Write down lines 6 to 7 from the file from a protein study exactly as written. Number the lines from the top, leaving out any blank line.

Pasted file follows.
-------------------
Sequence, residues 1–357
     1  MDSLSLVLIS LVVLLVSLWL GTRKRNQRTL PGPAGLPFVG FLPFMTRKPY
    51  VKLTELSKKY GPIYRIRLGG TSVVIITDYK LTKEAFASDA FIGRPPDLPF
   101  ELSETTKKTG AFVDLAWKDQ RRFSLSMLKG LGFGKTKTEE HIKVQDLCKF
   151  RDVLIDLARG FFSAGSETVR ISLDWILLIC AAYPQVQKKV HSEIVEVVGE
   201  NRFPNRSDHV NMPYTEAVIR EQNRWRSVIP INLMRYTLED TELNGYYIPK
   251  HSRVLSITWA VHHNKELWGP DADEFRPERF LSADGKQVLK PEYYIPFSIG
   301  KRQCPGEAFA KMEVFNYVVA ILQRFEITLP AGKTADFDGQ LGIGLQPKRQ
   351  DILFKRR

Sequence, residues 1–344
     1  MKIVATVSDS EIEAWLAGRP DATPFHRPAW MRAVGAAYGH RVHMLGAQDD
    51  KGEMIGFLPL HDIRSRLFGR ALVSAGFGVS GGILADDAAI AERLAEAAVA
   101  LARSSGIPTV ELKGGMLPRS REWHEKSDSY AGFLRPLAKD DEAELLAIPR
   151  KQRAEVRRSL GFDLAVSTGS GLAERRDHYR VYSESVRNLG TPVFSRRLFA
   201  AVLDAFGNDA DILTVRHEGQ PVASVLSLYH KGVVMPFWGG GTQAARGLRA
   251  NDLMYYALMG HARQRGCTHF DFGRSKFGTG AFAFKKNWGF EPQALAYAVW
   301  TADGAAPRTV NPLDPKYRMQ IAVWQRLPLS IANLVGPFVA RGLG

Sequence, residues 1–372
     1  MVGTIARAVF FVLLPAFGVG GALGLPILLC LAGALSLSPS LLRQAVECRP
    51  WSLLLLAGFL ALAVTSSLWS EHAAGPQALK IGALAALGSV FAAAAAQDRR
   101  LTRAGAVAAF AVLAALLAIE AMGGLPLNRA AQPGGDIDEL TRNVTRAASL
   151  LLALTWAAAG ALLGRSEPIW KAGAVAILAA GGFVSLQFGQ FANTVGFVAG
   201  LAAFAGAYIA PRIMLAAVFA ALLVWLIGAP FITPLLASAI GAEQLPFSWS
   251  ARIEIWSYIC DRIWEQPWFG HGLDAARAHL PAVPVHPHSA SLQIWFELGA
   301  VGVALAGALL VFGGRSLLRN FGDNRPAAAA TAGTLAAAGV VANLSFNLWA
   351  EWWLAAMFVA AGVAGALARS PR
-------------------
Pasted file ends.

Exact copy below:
   201  NRFPNRSDHV NMPYTEAVIR EQNRWRSVIP INLMRYTLED TELNGYYIPK
   251  HSRVLSITWA VHHNKELWGP DADEFRPERF LSADGKQVLK PEYYIPFSIG